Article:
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Local

GOP official apologizes for Kinzinger ad featuring VAC volunteers

Drew Collins, executive director of the Illinois Republican Party, issued an apology Tuesday to the Sycamore-based Voluntary Action Center after U.S. Rep. Adam Kinzinger, R-Channahon used a photo taken during a tour of the facility in a pro-life ad.
Drew Collins, executive director of the Illinois Republican Party, issued an apology Tuesday to the Sycamore-based Voluntary Action Center after U.S. Rep. Adam Kinzinger, R-Channahon used a photo taken during a tour of the facility in a pro-life ad.

SYCAMORE – Drew Collins, executive director of the Illinois Republican Party, issued an apology Tuesday to the Sycamore-based Voluntary Action Center after U.S. Rep. Adam Kinzinger, R-Channahon, used a photo taken during a tour of the facility in a pro-life campaign ad.

"On behalf of the Illinois Republican Party, I would like to apologize for authorizing the distribution of a political campaign mailer that contained a photo of you and others from within your organization without your consent," Collins said in a statement.

The ad, which VAC Executive Director Ellen Rogers said she thinks was mailed throughout Kinzinger's district, plays up the congressman's pro-life agenda and features a photo of him with several young VAC volunteers during a 2016 tour of the facility.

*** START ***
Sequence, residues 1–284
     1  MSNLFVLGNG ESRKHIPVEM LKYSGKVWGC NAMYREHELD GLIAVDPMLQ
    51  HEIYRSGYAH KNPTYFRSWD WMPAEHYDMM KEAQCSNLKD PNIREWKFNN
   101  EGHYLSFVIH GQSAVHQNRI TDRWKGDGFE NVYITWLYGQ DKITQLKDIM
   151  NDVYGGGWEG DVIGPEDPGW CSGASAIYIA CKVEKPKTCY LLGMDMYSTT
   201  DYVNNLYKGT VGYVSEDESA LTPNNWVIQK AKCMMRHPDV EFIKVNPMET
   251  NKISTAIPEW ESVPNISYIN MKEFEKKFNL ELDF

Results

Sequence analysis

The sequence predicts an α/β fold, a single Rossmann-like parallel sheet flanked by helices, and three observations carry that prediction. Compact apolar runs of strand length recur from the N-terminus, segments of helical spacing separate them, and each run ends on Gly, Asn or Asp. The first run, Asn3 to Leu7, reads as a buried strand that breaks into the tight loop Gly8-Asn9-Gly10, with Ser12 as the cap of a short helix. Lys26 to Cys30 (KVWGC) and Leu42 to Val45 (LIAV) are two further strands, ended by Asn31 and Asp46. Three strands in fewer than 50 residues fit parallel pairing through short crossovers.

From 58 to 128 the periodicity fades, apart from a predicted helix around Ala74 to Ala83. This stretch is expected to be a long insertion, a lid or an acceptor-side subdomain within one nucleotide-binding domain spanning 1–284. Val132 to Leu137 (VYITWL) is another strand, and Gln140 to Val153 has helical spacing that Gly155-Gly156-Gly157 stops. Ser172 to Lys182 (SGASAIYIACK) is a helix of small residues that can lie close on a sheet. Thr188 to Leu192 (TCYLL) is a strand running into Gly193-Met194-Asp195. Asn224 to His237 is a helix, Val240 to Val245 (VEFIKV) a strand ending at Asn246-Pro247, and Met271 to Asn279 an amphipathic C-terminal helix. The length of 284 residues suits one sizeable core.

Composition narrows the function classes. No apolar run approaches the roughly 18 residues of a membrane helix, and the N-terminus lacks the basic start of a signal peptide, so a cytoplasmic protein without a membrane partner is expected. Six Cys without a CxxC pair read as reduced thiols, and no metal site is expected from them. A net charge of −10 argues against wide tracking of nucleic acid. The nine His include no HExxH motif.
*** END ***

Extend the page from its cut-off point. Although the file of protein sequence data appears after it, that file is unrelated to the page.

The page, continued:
"It didn’t identify those in the photo as volunteers – it does appear as an endorsement of this message," Rogers said. “They were excited by the visit, and so it was extremely disappointing to see it being used in a way that’s contrary to everything we’re about.”

The federally funded program cannot and does not endorse political campaigns, Rogers said.

Collins said the mailer was created by a third-party vendor, whom GOP officials thought obtained the proper permission and consent to use the photo.

"We did not intend to imply that Congressman Kinzinger's tour of the Voluntary Action Center in 2016 was an endorsement of his candidacy, and for that, we are deeply sorry," Collins said.

Those who saw themselves in the mailer were upset, Rogers said. Karly Zucker identified herself as one of those pictured on the mailer in a Facebook post Saturday.

"Please help me raise the awareness that Representative Kinzinger used that picture without our consent, and that the organization and some of us in the picture will be working hard to make sure he knows that what he did was wrong," Zucker said in her post.

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